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Title: "Conservation on the Northern Plains: New Perspectives'

Publisher: Sioux Falls, S.D.; The Center for Western Studies, 2017

The 12 essays in this book cover a variety of subjects, including grasslands, national parks, pig farms, range cattle and hunting.

They suggest three theories of how Americans have regarded the Northern Plains: 1) They are vast open places that need to be improved upon, 2) because of their emptiness, they need to be filled up with something or other, or 3) they are a vast area of resources that will never run out or be used up.

An example shows that the Midwestern Com Belt has shifted westward resulting in more than 1 million acres of grasslands of western Minnesota and eastern South Dakota plowed under from 2006 to 2011 to grow com. Beginning in the '50s through the 1980s, the diversified family farm went from "a way of life" to big business, which requires more capital and bigger, more expensive equipment.

Com, mostly used to produce ethanol, is king, but it exacts a high toll on the land and water and does little to reduce the nation's dependency on petroleum products.

Several farmers and ranchers recently formed The Grasslands Coalition in cooperation with the federal Natural Resources Conservation Service to save the grasslands. One essay tells how ardent "Earth First" environmentalists, in efforts to save the planet, advocated driving through remote ranching areas to cut wire fences in hundreds of places in South Dakota and Wyoming range lands in efforts to save the land from cattle.

One sees their mantra on bumper stickers, "Save the planet Stop eating meat!" They did not realize that sustainable ranching may be one of the best ways to protect the planet — grasslands, water, wildlife and pure air. On the other hand are ranchers who raise calves to be sent to feedlots, whose owners buy grains grown in America and therefore consider themselves being beneficial to Americans. Much of one essay deals with the adverse effects huge feedlots have on animals and the environment.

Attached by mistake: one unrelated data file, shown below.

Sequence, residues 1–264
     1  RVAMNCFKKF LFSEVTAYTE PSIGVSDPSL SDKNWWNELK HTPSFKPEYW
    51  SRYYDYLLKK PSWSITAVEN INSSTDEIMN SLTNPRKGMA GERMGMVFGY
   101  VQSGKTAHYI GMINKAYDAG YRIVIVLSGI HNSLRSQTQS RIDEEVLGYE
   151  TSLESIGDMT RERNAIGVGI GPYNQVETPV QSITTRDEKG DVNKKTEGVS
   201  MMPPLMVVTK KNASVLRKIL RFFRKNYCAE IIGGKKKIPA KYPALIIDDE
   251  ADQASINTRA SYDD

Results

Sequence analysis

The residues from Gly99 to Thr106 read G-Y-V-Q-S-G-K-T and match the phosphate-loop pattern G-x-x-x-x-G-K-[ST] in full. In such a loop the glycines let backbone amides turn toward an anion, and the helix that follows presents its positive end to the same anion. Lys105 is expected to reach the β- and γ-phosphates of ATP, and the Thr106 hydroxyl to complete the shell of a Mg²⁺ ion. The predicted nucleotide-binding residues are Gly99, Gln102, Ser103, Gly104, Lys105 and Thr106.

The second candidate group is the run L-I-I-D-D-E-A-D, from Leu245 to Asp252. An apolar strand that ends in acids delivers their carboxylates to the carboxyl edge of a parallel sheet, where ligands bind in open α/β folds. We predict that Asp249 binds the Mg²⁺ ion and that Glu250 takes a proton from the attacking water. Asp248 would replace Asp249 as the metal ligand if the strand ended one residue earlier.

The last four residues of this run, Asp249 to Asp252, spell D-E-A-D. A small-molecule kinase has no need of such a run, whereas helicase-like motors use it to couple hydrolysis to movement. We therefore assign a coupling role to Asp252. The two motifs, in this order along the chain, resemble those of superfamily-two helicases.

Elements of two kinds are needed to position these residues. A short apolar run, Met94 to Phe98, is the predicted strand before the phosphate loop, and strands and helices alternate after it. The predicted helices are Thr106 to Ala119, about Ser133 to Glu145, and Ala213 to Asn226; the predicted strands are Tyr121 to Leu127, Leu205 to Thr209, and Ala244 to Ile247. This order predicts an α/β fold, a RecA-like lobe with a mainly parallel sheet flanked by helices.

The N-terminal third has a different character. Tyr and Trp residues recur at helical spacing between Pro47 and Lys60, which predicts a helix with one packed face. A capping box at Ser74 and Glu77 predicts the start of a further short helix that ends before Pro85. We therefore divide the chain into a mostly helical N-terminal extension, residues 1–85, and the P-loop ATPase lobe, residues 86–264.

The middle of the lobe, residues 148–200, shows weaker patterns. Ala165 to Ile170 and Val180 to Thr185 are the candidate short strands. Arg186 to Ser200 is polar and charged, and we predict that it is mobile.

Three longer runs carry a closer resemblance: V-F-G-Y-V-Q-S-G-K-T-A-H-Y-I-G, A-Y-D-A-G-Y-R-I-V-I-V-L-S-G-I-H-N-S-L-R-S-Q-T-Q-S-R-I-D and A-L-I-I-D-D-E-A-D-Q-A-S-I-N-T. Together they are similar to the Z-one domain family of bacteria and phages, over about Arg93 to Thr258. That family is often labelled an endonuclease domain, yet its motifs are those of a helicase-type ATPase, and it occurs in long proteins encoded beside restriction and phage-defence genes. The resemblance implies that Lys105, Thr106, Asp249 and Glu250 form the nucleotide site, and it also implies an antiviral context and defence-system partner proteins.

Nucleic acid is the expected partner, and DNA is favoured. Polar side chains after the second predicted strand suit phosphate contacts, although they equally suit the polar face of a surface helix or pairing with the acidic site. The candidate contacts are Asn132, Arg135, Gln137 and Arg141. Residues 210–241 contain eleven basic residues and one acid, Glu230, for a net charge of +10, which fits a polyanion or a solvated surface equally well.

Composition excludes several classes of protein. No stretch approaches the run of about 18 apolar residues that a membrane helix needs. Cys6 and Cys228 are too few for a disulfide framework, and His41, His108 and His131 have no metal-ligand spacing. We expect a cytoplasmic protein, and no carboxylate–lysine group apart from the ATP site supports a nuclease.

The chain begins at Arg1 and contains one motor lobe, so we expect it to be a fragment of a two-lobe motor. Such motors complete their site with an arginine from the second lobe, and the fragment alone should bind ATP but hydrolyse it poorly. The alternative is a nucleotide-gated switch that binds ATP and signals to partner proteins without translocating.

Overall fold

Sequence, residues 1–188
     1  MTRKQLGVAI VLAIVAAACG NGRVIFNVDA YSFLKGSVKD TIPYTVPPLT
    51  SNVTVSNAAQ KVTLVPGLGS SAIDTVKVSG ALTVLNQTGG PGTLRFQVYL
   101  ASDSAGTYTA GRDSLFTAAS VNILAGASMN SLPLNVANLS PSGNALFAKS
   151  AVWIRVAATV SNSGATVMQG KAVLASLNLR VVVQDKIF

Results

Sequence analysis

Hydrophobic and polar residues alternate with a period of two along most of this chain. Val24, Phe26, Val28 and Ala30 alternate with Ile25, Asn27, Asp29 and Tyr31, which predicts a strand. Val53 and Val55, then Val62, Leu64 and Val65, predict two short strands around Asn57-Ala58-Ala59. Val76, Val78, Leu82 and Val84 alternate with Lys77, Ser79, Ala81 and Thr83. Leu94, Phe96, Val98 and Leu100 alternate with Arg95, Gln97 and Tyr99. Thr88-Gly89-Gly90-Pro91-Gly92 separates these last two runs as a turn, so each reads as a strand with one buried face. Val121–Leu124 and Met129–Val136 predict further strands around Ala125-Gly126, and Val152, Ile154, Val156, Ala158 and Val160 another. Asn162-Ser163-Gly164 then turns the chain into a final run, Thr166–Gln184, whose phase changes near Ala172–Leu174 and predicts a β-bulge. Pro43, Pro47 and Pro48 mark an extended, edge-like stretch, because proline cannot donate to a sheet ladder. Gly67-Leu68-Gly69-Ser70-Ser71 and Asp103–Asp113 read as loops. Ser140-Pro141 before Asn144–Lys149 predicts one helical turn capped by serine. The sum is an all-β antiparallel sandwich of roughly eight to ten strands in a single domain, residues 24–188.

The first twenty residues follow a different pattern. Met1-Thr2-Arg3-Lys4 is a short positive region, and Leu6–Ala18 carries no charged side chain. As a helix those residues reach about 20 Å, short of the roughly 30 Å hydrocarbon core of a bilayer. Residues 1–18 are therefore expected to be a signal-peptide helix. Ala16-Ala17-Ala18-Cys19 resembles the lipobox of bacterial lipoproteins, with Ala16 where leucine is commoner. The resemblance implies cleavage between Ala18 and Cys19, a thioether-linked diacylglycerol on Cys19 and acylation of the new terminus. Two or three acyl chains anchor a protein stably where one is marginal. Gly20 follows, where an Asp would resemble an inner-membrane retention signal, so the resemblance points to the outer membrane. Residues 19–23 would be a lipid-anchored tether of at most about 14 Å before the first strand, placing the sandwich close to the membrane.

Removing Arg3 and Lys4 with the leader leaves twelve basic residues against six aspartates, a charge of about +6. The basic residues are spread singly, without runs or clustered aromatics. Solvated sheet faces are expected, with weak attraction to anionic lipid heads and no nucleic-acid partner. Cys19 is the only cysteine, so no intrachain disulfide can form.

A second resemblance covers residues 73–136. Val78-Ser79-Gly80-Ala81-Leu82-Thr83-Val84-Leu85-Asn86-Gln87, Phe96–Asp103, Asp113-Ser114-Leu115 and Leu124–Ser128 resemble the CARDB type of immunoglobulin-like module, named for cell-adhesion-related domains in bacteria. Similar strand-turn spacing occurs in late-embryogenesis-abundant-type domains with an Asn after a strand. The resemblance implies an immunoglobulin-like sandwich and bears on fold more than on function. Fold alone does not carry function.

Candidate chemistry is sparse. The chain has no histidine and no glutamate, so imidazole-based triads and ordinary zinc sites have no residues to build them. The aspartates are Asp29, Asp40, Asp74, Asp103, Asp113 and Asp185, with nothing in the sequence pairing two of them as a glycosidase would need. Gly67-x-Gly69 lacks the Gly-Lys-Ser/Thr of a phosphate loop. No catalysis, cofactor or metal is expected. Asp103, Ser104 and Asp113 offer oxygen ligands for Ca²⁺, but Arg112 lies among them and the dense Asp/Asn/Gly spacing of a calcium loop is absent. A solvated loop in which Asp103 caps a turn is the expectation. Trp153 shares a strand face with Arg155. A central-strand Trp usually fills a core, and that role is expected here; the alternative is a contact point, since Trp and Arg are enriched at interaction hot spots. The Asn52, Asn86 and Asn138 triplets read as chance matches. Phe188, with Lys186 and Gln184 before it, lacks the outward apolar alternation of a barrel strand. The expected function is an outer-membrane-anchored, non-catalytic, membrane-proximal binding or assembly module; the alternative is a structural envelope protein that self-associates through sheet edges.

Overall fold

Several essays deal with wildlife: elk, wild horses, bees, bison, pheasants, prairie dogs, deer, wolves and coyotes. Controversy exists on how these animals effect ranching, wheat farming and tourism, combined with the businesses of game guides and outfitters.

In the section on national parks, the author Barry Stiefel states: "While the emphasis of the first established national parks, Yellowstone and Banff in the United States and Canada respectively, soon refocused on unique geological formations, majestic alpine terrain and tourism, it was the Great Plains that continued to serve as the catalyst for environmental conservation within a 'park' or 'preserve' framework in both countries."

Native Americans who were once banned from national parks are now welcomed for their expertise and reverence for the land. Our North Dakota/Canadian Peace Garden also received mention.

These essays make the reader aware of many special interest groups that must learn to work together, as obviously land, air and water resources are not expendable. Big money, national and local politicians, farmers and ranchers, large meat producers, petroleum interests, the public and the conservationists have a huge stake in the future of the Northern Plains.

Virginia Luger lives in Bismarck.